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Setting the Standard: ISDA proposes a Standard Initial Margin Model for Non-Cleared Derivatives

Guy Usher
30/01/2014

Locations

United Kingdom

Introduction

In September 2013, the Basel Committee on Banking Supervision (“BCBS”) and the Board of the International Organization of Securities Commissions (“IOSCO”) published guidelines on “Margin requirements for non-centrally cleared derivatives”.  In December 2013, in response to these guidelines, ISDA published a paper proposing a standard initial margin model (“SIMM”).  This briefing provides a brief outline of the BCBS-IOSCO guidelines and then looks at the SIMM proposal.

BCBS-IOSCO guidelines

The BCBS-IOSCO guidelines are motivated by a globally perceived need in the light of the recent financial and economic crisis to reduce systemic risk from OTC derivatives.  They articulate a series of key principles and requirements relating to the provision of margin (both initial and variation) for non-centrally cleared derivatives, taking into account among other things the liquidity impact of the proposals and the availability of eligible collateral to meet margin calls.

The guidelines set out eight key principles.  In brief these are:

1. Appropriate margining practices should be in place with respect to all derivative transactions that are not centrally-cleared1.

2.  All financial firms and systemically important non-financial entities (“covered entities”)2 that engage in non-centrally cleared derivatives must exchange initial and variation margin3.

3. The methodologies for calculating initial and variation margin should (i) be consistent and reflect both potential future exposure (initial margin) and current exposure (variation margin)4 and (ii) ensure that all counterparty risk exposures are fully covered with a high degree of confidence5.

4. Assets collected as margin should be highly liquid and, after applying an appropriate haircut, should be able to hold their value in a time of financial stress6.

5. Initial margin should be exchanged by both parties on a gross basis and held in a such a way as to ensure that it is immediately available to the collecting party or posting party on a counterparty default/insolvency7.

6. Transactions between a firm and its affiliates should be subject to appropriate regulation in a manner consistent with each jurisdiction’s legal and regulatory framework.

7. Regulatory regimes should be consistent and non-duplicative across jurisdictions8.

8. Margin requirements should be phased in over time9.

BCBS-IOSCO intends to set up a monitoring group in 2014, which may result in changes or refinements to the principles set out above as well as the detailed requirements that flow from them.

Standard Initial Margin Model - SIMM

In order to facilitate the introduction of the BCBS-IOSCO guidelines, ISDA has proposed a SIMM that could be used by market participants.  Its December 2013 paper notes that a common methodology would have several key benefits, such as permitting timely and transparent dispute resolution and allowing consistent regulatory governance and oversight.  It goes on to say that, in order to realise these benefits, agreement will be required between market participants and global regulators on a number of issues, including:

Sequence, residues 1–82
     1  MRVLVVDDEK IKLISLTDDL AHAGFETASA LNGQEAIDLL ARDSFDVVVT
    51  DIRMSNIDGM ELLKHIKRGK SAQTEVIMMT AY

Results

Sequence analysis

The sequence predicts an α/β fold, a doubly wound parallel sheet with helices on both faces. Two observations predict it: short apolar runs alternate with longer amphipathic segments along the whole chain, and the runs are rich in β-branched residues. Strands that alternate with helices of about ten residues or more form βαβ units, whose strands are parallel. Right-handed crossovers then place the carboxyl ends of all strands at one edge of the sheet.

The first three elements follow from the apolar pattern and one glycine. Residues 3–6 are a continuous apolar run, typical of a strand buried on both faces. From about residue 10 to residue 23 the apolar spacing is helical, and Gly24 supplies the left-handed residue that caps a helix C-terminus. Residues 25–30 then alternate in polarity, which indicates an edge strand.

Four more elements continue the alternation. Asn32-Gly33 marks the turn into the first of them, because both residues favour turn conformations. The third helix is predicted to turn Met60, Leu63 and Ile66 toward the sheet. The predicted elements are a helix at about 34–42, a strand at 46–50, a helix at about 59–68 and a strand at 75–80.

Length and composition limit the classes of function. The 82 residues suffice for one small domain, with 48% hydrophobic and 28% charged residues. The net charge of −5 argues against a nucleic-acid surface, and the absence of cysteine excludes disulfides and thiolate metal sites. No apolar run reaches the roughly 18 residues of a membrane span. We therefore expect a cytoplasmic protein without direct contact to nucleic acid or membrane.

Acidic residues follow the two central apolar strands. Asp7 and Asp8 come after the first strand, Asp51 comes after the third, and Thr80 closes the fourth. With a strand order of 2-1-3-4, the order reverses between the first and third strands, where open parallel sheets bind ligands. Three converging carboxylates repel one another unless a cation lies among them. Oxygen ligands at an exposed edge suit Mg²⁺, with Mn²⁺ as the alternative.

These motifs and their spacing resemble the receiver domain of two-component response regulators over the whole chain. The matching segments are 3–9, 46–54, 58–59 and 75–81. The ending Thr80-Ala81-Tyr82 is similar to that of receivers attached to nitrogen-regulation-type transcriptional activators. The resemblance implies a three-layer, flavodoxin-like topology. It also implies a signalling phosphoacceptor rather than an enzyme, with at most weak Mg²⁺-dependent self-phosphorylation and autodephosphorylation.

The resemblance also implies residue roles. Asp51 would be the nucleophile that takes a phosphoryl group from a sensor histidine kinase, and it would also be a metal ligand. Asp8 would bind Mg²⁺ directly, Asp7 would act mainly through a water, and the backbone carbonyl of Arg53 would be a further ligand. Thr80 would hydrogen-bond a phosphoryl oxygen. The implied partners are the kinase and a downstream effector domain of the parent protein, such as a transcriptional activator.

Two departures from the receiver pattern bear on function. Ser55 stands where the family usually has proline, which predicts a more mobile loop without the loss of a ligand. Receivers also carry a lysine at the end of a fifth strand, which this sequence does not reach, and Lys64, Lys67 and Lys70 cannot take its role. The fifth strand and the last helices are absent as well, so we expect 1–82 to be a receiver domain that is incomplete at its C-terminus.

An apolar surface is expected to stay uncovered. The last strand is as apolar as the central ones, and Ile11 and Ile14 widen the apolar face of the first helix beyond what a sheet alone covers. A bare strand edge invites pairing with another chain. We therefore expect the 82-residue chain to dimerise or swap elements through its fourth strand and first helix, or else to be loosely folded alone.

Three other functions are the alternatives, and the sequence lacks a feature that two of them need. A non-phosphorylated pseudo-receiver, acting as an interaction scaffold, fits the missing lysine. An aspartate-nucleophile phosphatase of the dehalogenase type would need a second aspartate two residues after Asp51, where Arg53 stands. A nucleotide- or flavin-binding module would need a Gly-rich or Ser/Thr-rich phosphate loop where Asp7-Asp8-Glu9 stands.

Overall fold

(1) general structure of initial margin calculations;

(2) requirement of initial margin to meet a 99% confidence level of cover over a 10-day horizon;

(3) model validation, supervisory coordination and governance;

(4) use of “Greeks” rather than full revaluations; and

(5) explicit inclusion of collateral haircut calculations within portfolio SIMM calculations.

The paper deals with each of the aforementioned issues in turn, but not before setting out two important background factors - liquidity implications10 and dispute resolution11 - and listing the 9 criteria that a SIMM should satisfy.  These are as follows:

(i) non-procyclicality (the calculation of initial margin should not be linked to market levels or volatility but should be recalibrated periodically or at the behest of the global regulatory body);

(ii) ease of replication of initial margin calculations (necessary for effective dispute resolution);

(iii) transparency (again necessary for effective dispute resolution);

(iv) quick to calculate (to facilitate price quotation whenever a new trade is added to the portfolio);

(v) extensible (to facilitate the addition of new risk factors and/or products as required by the industry and regulators);

(vi) predictability (necessary to preserve consistency in pricing and for capital allocation purposes);

(vii) costs (to be reasonable, so as not to preclude access to the non-cleared markets);

(viii) governance (regulators to approve the risk factors within the model and to require periodic recalibration); and

(ix) margin appropriateness (to ensure that the calculation of initial margin does not result in a vast overstatement of risk when performed across a large portfolio and to ensure the recognition of risk factor offsets within the same asset class).

Turning now to the relevant issues:

1. General structure of initial margin calculations